Naamsa, the National Association of Automobile Manufacturers of South Africa today commented that the positive growth experienced in the new vehicle sales market performance throughout 2012, had continued into the first month of 2013. Sales in January 2013 recorded substantial gains on the corresponding month last year.
Compiled by Messrs RGT SMART (an independent statistical service provide), the January sales results show an improvement of 14, 1 per cent or 6 805 vehicles for a total of 55 007 units sold, from the 48 202 sold during January 2012. All of the major vehicle segments recorded double digit year on year growth, with new passenger cars improving by 12,3 per cent, light commercials by 20,0 per cent, medium commercials by 10,6 per cent, heavy trucks by 30,0 per cent and extra heavy trucks by 16,6 per cent.
Most impressive were the export sales recorded during January 2013, which at 17 399 units sold, reflected an improvement of 5 794 vehicles or a gain of 49,9 per cent compared to the 11 605 vehicles exported in January last year.
Overall, out of the total detailed (disaggregated) reported Industry sales of 52 775 vehicles (excluding Mercedes-Benz South Africa, who is still involved in discussions with the Department of Trade and Industry and parent company Daimler AG to resume full sales reporting), 76.9 per cent or 40 568 units represented dealer sales, 16,7 per cent represented sales to the vehicle rental Industry, 3,2 per cent to government and 3,2 per cent to Industry corporate fleets.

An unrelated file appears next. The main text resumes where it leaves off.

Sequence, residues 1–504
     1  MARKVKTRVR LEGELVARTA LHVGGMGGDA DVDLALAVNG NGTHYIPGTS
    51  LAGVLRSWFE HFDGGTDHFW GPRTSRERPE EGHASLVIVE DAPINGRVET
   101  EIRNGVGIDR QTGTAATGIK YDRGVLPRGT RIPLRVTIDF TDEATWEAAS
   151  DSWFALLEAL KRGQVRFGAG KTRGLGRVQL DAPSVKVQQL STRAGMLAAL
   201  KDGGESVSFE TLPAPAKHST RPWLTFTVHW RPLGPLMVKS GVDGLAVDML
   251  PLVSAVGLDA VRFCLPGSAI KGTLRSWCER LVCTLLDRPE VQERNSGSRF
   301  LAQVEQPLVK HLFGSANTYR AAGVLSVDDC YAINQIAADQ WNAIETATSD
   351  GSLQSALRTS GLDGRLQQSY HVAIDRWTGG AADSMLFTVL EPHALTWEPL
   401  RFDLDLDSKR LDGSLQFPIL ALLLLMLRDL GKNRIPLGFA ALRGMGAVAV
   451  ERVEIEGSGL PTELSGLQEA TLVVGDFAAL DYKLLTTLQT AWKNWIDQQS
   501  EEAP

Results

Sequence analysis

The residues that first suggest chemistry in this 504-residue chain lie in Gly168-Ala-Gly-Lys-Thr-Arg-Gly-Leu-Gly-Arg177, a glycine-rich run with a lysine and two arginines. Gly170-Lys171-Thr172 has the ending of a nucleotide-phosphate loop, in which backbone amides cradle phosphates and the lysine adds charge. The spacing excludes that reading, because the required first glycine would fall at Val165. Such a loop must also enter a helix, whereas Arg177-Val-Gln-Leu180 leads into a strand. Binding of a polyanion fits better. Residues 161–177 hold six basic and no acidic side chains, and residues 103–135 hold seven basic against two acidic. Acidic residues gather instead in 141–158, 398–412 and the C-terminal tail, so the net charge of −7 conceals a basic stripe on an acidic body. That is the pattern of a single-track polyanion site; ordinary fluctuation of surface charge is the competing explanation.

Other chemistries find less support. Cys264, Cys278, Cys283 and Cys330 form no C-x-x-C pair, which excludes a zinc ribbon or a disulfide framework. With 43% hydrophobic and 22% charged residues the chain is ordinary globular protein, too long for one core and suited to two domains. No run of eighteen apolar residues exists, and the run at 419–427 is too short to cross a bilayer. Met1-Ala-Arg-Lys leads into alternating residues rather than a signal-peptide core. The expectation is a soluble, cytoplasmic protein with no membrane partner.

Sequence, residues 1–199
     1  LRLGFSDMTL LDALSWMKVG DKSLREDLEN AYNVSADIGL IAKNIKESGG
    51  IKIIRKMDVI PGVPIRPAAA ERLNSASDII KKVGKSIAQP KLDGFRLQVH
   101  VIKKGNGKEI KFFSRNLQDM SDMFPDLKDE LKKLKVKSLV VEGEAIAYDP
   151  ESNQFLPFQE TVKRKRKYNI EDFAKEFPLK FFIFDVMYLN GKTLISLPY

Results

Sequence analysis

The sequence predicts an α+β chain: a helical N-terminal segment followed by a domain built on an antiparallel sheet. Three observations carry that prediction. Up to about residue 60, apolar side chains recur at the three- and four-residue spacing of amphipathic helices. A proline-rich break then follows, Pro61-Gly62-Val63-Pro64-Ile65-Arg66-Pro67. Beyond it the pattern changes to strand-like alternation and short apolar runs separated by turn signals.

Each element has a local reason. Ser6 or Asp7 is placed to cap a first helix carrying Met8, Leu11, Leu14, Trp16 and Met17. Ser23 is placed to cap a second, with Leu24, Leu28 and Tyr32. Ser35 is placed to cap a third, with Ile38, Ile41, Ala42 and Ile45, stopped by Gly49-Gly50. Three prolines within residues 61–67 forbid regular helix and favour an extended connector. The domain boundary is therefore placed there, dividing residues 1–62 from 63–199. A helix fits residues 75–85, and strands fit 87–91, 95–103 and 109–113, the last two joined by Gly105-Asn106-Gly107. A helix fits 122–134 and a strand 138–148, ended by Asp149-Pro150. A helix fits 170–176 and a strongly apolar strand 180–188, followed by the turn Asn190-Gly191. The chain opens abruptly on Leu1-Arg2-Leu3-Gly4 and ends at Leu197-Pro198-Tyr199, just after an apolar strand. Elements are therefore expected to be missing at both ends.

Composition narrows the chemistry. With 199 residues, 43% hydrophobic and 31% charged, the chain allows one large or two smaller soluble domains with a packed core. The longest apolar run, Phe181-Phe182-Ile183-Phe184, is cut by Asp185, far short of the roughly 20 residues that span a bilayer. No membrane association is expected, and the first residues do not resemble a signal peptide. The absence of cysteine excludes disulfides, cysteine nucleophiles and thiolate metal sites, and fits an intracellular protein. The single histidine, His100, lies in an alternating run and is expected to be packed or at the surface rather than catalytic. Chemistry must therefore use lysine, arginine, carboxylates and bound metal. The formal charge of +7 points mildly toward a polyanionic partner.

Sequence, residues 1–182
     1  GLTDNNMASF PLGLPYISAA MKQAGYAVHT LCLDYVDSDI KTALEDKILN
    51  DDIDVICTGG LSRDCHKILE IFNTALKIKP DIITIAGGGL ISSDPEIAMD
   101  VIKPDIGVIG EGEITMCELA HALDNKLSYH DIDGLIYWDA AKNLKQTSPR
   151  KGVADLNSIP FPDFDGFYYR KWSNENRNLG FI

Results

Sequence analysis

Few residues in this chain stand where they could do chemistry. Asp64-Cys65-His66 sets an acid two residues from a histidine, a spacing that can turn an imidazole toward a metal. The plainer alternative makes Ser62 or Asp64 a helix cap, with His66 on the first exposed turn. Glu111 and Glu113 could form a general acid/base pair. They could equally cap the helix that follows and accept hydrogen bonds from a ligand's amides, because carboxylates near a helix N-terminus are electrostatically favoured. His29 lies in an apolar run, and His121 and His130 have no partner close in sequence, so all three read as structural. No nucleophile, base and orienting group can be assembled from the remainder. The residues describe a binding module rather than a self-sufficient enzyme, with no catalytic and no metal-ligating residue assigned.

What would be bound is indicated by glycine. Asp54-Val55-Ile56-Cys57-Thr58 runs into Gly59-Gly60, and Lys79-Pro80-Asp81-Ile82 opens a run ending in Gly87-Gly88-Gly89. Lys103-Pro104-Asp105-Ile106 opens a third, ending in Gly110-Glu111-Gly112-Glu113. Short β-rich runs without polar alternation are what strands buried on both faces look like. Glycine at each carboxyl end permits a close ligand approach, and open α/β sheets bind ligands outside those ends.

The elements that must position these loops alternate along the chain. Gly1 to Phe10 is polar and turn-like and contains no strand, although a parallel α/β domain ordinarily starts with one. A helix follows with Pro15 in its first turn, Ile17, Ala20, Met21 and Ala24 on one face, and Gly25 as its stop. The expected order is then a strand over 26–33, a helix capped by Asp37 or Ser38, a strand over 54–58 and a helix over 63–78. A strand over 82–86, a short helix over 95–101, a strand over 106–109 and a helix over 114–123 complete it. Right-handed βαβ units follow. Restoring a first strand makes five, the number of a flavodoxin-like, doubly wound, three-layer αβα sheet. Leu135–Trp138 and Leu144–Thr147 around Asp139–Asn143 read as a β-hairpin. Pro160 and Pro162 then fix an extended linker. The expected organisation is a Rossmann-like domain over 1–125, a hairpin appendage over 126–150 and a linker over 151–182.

The new car market continued to demonstrate strength in January, 2013 and at 39 738 units, including Mercedes-Benz sales, reflected an improvement of 4 348 units or 12,3 per cent compared to the 35 390 new cars sold in January last year. Continued strong demand by the car rental Industry, which accounted for 22,5 per cent of total new car sales during the month, had supported the market during January, 2013. The recent exchange rate weakness would have contributed to pre-emptive buying by consumers to avoid higher expected new vehicle prices.
Furthermore, the association stated that despite indications of slower growth in the economy, the performance of the South African automotive sector continued to surprise on the upside. The overall near term outlook for the automotive sector remained reasonably positive. Factors that would continue to support domestic sales included the low interest rate environment, replacement demand, the highly competitive trading environment with attractive incentives, low debt servicing costs, high technology new model introductions and strong demand by car rental companies.
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